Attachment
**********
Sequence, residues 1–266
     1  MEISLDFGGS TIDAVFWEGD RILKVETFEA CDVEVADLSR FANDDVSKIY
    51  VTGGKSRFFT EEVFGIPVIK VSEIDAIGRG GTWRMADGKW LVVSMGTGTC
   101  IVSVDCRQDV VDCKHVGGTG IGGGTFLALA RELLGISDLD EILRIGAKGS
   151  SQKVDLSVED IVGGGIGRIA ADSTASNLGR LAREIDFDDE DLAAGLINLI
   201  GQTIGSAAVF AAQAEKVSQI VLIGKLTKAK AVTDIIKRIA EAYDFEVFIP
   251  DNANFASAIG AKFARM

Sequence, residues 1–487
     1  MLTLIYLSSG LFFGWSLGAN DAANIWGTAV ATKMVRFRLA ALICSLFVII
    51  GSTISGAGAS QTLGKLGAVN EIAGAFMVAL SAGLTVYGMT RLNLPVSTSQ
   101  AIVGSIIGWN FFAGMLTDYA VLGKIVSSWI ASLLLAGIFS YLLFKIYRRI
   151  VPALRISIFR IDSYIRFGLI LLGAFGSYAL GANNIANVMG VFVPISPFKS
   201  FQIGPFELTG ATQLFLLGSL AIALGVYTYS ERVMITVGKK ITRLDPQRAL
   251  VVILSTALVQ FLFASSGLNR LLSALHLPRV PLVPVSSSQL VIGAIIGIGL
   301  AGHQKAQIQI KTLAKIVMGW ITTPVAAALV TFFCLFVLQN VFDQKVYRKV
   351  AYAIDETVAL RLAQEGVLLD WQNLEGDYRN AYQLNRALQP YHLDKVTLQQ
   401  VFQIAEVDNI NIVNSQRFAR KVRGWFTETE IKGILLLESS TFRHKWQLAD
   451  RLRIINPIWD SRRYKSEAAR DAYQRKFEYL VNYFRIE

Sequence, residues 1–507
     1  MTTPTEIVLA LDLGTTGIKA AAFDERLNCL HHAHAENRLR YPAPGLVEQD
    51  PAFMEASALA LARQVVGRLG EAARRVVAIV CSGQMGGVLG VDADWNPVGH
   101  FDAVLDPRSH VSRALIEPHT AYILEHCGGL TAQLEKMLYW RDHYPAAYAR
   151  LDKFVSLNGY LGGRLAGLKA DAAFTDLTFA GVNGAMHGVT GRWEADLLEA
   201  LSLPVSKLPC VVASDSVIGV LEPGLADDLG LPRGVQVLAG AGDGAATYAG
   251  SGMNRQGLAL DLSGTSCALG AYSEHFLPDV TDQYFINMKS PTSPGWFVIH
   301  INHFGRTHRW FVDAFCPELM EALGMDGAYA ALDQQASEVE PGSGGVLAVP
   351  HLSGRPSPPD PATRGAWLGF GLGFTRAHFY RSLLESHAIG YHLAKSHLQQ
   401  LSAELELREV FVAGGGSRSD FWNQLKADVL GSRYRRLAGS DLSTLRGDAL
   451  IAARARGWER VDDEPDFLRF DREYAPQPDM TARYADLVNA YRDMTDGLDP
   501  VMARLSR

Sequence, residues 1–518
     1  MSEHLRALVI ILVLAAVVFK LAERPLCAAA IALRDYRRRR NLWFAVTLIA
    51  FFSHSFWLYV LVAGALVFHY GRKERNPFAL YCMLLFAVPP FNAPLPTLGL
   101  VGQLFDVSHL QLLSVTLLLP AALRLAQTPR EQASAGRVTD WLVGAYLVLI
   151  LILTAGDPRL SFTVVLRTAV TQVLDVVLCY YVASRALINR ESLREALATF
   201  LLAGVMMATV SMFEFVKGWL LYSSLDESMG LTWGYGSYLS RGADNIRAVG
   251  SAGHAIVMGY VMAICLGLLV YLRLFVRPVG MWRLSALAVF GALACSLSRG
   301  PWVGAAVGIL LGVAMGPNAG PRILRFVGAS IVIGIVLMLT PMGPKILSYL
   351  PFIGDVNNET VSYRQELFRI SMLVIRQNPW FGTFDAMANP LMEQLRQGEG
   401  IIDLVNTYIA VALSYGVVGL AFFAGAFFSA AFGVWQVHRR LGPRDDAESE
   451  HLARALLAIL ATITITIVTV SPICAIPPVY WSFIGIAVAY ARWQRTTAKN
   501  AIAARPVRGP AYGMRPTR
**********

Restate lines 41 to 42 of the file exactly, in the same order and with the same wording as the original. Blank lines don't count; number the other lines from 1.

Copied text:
   451  HLARALLAIL ATITITIVTV SPICAIPPVY WSFIGIAVAY ARWQRTTAKN
   501  AIAARPVRGP AYGMRPTR